That continued until the early 1970s when another association formed out of the National Debate association (NDT), the Cross Examination Debate Association (CEDA), which was more value-oriented. Another change in the 70s was the addition of individual events, which include prepared oratory such as persuasion, informative, after-dinner speaking and communication analysis; unprepared or limited preparatory like impromptu and extemporaneous speaking; and interpretation of literature, drama and poetry. Since then, we've had two parts of the team: the 'debaters' and the 'IE'rs' (individual competitors).
Typically, what kind of students are involved with speech and debate?
I came here in 1987 and over the years, I've had students from every walk of life, from every major you can imagine. It's quite a divergent group of kids. A lot of them are very out-going, although there are a few who are very shy. Some come to me with lots of experience, after having done four years of high school debate and others come out of public speaking classes. They get a little taste of it and want to get more involved. Many of them are Florida Academic Scholars, National Merit Scholars and are enrolled in the honors program.
What do college students get out of being a part of the speech and debate team?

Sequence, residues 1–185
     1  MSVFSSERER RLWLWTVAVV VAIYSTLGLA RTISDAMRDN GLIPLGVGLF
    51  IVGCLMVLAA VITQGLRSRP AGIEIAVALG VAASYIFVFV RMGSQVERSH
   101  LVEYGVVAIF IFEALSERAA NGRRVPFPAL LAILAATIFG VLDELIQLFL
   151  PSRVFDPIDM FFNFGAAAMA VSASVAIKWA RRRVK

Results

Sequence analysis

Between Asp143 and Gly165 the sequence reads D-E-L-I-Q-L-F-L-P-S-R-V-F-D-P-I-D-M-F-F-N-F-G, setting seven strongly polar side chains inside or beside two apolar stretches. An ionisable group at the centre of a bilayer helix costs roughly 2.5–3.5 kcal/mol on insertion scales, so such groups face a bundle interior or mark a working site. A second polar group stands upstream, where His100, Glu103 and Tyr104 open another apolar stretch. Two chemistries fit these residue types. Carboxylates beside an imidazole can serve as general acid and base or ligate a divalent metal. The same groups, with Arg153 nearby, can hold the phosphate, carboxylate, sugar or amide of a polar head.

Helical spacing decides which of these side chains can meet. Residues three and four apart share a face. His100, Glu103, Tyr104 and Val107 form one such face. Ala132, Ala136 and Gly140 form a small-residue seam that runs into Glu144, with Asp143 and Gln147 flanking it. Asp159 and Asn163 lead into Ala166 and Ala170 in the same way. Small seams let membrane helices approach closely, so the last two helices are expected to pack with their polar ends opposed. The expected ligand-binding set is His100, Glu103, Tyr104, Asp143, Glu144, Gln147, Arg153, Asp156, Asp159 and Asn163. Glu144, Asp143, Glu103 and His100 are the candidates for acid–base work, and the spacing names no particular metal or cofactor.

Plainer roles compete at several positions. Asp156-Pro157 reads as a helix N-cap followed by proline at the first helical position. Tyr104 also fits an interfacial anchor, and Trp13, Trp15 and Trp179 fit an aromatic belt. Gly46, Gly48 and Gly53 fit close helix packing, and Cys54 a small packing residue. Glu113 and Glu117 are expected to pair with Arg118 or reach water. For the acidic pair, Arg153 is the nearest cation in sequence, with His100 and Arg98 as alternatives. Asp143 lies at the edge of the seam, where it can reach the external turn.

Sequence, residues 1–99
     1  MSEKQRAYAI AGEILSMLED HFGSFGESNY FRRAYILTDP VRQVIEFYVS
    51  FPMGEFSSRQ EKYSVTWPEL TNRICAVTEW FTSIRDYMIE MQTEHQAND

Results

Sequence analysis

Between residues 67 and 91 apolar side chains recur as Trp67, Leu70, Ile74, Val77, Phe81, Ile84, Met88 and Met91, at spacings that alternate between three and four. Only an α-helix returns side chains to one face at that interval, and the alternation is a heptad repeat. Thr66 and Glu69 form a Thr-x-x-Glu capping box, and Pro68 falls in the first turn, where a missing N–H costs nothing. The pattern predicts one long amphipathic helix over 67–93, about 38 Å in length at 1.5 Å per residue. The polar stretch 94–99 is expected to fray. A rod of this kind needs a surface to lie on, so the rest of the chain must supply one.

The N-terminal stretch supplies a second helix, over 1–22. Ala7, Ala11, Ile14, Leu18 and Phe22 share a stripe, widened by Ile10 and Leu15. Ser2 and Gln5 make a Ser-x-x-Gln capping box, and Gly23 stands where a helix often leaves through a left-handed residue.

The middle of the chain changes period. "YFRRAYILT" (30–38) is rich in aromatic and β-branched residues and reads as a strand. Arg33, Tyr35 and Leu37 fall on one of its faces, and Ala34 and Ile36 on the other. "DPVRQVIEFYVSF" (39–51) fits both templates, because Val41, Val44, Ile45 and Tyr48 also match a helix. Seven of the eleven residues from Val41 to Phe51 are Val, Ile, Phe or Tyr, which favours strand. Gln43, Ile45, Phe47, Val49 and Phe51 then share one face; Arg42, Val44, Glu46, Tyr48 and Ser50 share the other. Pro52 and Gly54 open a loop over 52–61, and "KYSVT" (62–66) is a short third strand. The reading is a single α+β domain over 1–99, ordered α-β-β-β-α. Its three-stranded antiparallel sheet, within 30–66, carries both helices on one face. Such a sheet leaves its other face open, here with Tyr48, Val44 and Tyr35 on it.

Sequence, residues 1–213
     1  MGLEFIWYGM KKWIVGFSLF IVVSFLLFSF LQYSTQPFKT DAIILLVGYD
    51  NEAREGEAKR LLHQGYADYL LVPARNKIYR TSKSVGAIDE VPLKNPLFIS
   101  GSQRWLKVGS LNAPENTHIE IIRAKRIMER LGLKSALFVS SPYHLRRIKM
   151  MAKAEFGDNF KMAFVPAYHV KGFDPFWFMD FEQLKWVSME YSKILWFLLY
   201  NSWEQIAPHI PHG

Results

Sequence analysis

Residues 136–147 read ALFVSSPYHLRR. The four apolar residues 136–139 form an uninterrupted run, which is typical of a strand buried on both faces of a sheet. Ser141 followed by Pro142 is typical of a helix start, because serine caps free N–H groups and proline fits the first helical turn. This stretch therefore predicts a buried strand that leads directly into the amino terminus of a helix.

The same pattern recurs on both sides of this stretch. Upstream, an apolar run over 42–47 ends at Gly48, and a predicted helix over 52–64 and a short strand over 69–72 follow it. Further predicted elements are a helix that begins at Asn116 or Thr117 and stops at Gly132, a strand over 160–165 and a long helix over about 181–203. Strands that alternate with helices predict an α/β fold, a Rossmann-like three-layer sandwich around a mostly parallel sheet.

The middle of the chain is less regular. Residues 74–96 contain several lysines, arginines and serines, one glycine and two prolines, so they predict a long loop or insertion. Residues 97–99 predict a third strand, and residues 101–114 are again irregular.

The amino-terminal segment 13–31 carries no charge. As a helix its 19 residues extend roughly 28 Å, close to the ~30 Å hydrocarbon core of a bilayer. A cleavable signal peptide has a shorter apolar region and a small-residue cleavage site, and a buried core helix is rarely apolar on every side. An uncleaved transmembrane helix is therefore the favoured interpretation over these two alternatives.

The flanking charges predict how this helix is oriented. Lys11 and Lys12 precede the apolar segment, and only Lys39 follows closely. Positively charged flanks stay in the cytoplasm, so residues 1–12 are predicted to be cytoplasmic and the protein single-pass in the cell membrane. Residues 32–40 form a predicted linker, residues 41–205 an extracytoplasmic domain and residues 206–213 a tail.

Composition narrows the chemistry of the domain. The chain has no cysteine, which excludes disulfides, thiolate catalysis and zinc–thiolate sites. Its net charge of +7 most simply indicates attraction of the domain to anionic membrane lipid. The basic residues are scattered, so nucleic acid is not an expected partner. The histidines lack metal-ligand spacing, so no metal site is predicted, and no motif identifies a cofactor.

They're exposed to opportunities and experiences that will help them later in life. First and foremost, they're going to gain public speaking skills and research skills. Beyond that, they're also going to gain a skill that not everybody gets - the ability to adapt to different kinds of people. This is a skill they can use in the real world, i.e. having to adapt to their colleagues, their boss and/or their employees. We give these students a chance to travel and meet people from all over the country who are in forensics programs at other schools, from many walks of life. By learning to adapt, they may win a debate round, win a friend, win a job interview or even win a trial.
Who are some of your alumni?
Altogether we have a list of more than 300 alumni, many of whom have gone on to do wonders in politics including former Senator George Smathers, Senator Bob Graham, Stephen C. O'Connell, J. Wayne Reitz and Terrel Sessums, who was a candidate for the UF presidency. Former Senator Smathers has kept in touch with us for a number of years and is very active as a supporting alum. Years ago he gave us a huge silver punch bowl - a traveling trophy - that goes to the winner of our debate tournament that we host every year, the Gator Invitational Forensics Tournament. Smathers is probably one of many who will tell you right off the bat that speech and debate was one of the best activities he became involved with at UF because it gave him the speaking skills required to become a successful politician.
What keeps you coming back year after year?
Actually, a lot of people ask why I do this. It's because I love it. I don't want to do anything else. There's not a day that goes by - even if it's 2 a.m. and I'm getting out of bed to come to school to pick up the students so we can travel to an out-of-state tournament - that I don't love what I do. It's worth it because the students love it and they get something out of it.
|Benjamin L. Gorman||Sociology||1968-1996|
|David M. Green||Psychology||1985-1996|
|William M. Jones||Chemistry||1956-1996|
|David M. Locke||English||1977-1996|
|Otto von Mering||Anthropology||1971-1996|
|Adolfo Prieto||Romance L & L||1981-1996|
|Darrett B. Rutman||History||1984-1996|
|Daniel B. Ward||Botany||1958-1996|